Blocking Glucagon Like Peptide-1 Receptors in the Exocrine Pancreas Improves Specificity for Beta Cells in a Mouse Model of Type 1 Diabetes

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Eshita Khera#, Liang Zhang#, Sheryl Roberts, Ian Nessler, Darleen Sandoval, Thomas Reiner and Greg Thurber*

# Equally contributed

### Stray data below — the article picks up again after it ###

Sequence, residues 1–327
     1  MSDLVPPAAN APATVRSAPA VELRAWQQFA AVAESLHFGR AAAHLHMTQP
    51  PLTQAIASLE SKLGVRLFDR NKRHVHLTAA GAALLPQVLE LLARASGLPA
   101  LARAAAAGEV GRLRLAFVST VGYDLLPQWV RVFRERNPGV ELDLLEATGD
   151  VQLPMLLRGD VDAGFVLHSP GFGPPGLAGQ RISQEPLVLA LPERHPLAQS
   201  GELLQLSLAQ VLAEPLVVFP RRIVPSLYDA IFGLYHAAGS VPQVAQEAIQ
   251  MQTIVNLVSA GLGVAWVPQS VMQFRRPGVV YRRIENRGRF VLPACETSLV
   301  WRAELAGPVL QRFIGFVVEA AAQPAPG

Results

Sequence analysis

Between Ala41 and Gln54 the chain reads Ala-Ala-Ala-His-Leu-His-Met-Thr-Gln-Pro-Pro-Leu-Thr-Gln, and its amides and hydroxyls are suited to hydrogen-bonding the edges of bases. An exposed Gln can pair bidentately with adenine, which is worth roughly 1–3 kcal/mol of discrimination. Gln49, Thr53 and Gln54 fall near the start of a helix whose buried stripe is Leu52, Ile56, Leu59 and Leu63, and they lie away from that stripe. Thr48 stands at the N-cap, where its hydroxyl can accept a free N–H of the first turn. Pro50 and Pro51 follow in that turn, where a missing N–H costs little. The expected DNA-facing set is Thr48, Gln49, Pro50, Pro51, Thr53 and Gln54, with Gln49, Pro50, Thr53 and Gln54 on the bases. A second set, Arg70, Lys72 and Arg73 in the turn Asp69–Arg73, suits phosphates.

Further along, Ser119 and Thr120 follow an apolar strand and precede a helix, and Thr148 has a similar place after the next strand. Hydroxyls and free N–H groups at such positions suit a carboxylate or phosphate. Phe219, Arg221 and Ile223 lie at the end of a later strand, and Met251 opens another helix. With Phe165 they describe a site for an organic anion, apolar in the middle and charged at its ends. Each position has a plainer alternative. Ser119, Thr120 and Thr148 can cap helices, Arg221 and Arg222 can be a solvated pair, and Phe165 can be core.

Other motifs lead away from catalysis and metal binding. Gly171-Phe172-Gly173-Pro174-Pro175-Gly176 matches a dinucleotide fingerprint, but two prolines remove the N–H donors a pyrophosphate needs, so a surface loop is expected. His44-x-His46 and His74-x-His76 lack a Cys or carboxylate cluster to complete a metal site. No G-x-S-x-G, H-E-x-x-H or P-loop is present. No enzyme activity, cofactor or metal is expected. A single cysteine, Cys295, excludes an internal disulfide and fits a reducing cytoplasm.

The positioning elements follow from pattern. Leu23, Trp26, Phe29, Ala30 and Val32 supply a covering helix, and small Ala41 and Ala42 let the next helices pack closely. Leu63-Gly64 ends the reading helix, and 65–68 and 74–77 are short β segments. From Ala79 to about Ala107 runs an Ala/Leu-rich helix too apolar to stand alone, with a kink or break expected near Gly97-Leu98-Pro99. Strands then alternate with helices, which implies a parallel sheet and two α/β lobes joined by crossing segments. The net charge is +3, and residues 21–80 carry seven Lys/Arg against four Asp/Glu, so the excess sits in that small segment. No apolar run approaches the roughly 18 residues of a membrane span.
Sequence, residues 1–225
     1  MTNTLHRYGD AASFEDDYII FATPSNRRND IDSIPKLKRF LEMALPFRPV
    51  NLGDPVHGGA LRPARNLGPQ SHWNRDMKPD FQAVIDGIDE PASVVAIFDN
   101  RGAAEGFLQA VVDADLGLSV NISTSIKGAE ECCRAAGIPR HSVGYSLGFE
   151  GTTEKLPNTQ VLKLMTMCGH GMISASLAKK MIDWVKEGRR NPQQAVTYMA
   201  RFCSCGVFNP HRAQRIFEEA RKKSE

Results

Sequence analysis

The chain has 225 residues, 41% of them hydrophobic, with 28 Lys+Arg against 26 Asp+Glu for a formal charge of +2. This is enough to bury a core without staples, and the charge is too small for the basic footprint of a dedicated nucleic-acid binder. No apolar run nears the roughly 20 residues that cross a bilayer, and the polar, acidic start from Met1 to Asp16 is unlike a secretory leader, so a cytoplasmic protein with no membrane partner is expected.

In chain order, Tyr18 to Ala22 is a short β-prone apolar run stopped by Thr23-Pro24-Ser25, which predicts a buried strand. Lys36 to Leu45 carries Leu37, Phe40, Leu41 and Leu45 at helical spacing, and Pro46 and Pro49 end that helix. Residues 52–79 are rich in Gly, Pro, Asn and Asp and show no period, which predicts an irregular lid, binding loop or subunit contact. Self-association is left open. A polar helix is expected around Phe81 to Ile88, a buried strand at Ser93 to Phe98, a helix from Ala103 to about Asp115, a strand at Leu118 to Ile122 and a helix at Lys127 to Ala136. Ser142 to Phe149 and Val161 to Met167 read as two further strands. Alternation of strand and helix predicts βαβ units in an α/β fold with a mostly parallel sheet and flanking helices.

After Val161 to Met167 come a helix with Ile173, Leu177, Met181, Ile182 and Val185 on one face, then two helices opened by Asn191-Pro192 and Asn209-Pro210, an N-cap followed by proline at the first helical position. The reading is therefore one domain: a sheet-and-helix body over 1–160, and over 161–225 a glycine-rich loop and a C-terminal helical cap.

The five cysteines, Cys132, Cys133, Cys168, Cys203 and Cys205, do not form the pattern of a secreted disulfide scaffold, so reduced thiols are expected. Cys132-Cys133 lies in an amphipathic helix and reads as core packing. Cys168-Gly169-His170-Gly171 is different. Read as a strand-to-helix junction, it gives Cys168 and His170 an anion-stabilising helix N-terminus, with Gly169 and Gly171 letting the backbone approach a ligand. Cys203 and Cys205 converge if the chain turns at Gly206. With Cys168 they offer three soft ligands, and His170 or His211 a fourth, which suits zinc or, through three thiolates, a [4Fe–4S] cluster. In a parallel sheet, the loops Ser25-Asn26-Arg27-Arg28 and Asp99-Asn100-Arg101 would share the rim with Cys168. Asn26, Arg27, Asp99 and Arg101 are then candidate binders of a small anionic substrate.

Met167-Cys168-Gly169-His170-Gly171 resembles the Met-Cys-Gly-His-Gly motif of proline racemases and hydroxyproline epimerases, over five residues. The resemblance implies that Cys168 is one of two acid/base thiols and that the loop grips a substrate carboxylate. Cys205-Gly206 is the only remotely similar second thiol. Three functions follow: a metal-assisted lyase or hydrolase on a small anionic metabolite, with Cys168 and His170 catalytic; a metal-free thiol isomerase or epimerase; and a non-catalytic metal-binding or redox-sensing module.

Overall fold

The diabetes community has long desired an imaging agent to quantify the number of insulin-secreting beta (β) cells, beyond just functional equivalents (insulin secretion), to help diagnose and monitor early stages of both type 1 and type 2 diabetes mellitus. Loss in the number of β-cells can be masked by a compensatory increase in function of the remaining cells. Since β-cells only form ~1% of the pancreas and decrease as the disease progresses, only a few imaging agents, such as exendin, have demonstrated clinical potential to detect a drop in the already scarce signal. However, clinical translation of imaging with exendin has been hampered by higher than expected pancreatic uptake in subjects with long-term diabetes who lack β-cells. Exendin binds glucagon-like peptide 1 receptor (GLP-1R), previously thought to be expressed only on β-cells, but recent studies report low levels of GLP-1R on exocrine cells, complicating β-cell mass quantification. Here we use a GLP-1R knockout mouse model to demonstrate that exocrine binding of exendin is exclusively via GLP-1R (~1,000/cell), and not any other receptors. We then use lipophilic Cy-7 exendin to selectively pre-block exocrine GLP-1R in healthy and streptozotocin-induced diabetic (STZ) mice. Sufficient receptors remain on β-cells for subsequent labeling with a fluorescent- or 111In-exendin, which improves contrast between healthy and diabetic pancreata, and provides a potential avenue for achieving the long-standing goal of imaging β-cell mass in the clinic.

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